The world is heavily dependent on oil to meet its energy needs, with more of our energy coming from oil than any other source. In 2009 about 35% of the worlds primary energy was provided by burning oil, followed by coal (29%), natural gas (24%), hydro-electric (7%) and nuclear (5%) .
Despite the importance of oil as a source of energy and chemical feedstocks, it is not easy to gauge the true size of global reserves and how long they will last for. Uncertainties in the reserve estimates for oil producing countries result from a lack of standardisation in reserve reporting, the necessity of making assumptions about recoverability, inappropriate aggregation methods and possible mis-representations by national oil companies for political and economic reasons .
Figures for actual production and consumption are readily available however, and these can be plotted to reveal current trends in regional and global energy use. Three publicly available sources of this information are the BP Statistical Review of World Energy , EIA statistics  &  and OPEC Annual Statistical Bulletins  & . In the charts below, oil production and consumption are plotted by region, from 1965 to present, based on information from these sources.
As oil reserves are finite, it is inevitable that production will rise to a peak or plateau and subsequently decline . On this basis, gaussian models have been fitted to the production and consumption information, and these curves are also shown on the charts. To allow a better fit with respect to the 1970s oil shocks, two part models are used. Note that simple curve fitting like this lacks an adequate theoretical basis  and other functional forms that show an earlier or later peak could fit the available information just as well. Such curve fitting also cannot predict the outcome of political / economic events such as the 2008 financial crisis, which has already impacted global oil use. However the curves do clearly demonstrate a widening gap between global oil production and consumption.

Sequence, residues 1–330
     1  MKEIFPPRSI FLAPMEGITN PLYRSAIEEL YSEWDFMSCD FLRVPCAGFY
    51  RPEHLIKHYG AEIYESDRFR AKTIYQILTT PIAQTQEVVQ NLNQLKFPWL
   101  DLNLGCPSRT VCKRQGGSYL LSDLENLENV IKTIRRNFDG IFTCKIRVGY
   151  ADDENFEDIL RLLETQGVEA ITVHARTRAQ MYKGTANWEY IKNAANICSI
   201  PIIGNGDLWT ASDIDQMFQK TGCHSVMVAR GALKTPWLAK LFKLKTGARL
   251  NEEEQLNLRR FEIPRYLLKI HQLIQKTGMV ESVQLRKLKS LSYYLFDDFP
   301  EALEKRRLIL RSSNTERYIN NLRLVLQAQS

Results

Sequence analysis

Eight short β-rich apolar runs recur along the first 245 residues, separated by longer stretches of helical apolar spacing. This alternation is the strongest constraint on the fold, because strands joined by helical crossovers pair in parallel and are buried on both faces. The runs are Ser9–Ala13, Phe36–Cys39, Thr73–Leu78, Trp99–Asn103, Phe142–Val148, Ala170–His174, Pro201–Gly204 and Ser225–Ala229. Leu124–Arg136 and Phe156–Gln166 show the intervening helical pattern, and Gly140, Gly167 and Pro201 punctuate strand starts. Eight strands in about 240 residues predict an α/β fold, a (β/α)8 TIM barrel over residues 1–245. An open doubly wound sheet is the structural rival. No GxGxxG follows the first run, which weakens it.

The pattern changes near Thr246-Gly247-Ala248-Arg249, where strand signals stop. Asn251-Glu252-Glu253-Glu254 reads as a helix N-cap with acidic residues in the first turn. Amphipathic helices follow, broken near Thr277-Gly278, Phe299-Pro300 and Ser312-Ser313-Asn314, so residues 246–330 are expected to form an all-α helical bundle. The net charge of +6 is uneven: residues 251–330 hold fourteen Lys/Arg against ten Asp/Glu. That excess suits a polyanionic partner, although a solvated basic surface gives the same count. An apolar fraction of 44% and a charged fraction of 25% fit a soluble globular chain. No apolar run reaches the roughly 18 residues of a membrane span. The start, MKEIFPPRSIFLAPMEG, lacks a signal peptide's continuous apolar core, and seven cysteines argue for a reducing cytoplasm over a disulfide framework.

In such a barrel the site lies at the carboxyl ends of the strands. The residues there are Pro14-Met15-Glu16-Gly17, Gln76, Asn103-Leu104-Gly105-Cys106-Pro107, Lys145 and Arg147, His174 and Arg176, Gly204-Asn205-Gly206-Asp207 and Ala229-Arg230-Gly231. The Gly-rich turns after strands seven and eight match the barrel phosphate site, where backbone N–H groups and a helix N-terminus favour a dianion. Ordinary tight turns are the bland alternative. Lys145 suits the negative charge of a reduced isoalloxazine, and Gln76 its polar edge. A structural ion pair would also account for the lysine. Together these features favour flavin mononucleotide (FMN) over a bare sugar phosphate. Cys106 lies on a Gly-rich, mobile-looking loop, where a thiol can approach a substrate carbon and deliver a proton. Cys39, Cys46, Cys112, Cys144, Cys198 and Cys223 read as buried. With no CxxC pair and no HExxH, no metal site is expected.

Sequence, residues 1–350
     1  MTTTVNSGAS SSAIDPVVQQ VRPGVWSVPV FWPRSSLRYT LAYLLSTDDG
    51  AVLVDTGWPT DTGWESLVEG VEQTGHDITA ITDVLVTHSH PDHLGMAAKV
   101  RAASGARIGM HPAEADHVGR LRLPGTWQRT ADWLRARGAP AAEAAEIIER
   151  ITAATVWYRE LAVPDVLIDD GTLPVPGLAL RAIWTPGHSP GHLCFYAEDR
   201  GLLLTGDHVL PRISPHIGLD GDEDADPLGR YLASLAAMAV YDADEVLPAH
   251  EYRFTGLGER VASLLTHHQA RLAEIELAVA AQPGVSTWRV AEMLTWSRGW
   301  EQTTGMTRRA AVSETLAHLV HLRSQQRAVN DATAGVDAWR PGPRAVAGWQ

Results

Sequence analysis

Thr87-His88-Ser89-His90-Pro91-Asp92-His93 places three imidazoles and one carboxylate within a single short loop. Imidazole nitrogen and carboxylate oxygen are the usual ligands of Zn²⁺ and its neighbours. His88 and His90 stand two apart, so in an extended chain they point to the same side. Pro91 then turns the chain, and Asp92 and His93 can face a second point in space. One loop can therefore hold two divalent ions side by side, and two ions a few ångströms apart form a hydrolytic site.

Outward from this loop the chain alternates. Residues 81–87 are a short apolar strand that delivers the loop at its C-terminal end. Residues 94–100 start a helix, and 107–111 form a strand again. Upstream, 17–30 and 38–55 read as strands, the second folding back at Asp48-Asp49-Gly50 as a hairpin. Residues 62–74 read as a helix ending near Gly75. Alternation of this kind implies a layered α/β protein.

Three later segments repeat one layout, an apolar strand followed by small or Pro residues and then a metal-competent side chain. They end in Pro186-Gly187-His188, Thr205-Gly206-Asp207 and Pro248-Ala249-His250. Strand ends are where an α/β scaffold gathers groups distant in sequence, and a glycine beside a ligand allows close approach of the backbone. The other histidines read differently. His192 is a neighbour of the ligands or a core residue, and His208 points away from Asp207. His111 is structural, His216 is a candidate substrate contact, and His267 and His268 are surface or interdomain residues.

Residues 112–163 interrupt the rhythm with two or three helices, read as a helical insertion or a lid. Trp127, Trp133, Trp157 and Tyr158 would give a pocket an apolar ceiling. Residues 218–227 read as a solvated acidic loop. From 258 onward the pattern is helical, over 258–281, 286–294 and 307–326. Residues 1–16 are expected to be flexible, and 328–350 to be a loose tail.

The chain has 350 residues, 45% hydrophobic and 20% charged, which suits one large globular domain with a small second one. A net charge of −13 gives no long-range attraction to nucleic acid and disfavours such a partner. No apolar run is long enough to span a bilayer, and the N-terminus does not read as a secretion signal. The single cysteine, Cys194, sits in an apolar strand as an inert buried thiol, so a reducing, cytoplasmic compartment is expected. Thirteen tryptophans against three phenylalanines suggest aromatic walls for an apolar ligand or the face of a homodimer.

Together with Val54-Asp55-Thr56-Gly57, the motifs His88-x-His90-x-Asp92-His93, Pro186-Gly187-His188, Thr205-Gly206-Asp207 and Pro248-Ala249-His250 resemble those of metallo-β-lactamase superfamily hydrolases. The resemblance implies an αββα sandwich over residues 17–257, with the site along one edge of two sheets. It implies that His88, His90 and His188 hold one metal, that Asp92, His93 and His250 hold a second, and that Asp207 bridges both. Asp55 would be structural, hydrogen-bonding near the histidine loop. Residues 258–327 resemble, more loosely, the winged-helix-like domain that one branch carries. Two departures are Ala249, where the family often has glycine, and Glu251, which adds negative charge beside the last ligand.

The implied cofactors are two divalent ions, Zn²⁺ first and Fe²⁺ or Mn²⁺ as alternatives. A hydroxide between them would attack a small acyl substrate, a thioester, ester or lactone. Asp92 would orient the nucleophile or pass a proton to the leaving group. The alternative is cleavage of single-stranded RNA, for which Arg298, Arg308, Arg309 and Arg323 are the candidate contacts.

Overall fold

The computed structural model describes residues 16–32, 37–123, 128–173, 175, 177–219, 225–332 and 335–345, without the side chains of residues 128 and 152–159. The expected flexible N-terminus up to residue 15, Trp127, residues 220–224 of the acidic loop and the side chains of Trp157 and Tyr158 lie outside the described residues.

Oil production in North America shows an initial peak in 1973. Considering the BP and EIA data, a higher peak occurred in 1985 and production has declined slowly since then. Oil consumption in North America went through an initial peak in 1978, dropped to a local minimum in 1983 and then rose steadily until 2008. At present, consumption significantly exceeds production.
In South America both production and consumption of oil have risen steadily since 1975. Production has exceeded consumption over this period, making the region a net exporter of oil.
Oil production in Europe & Eurasia rose to a peak around 1988, dropped back to a local minimum in 1993 and has risen steadily since then. Oil consumption shows an initial peak in 1973, followed by a higher peak in 1979. Consumption then dropped back to about the same level as the 1973 peak and hovered there until 1990. Following a sharp decline, consumption has since remained steady. The region currently consumes more oil than it produces, however the shortfall is decreasing.
The Middle East is the world's most important oil producing region and accounts for about 30% of the world's supply. Oil production in the region rose to a peak in 1977 and then dropped sharply to a local minimum in 1985. Since then production has again risen steadily. Consumption of oil in the Middle East shows a steady rise from 1965 to present, although remains well below production.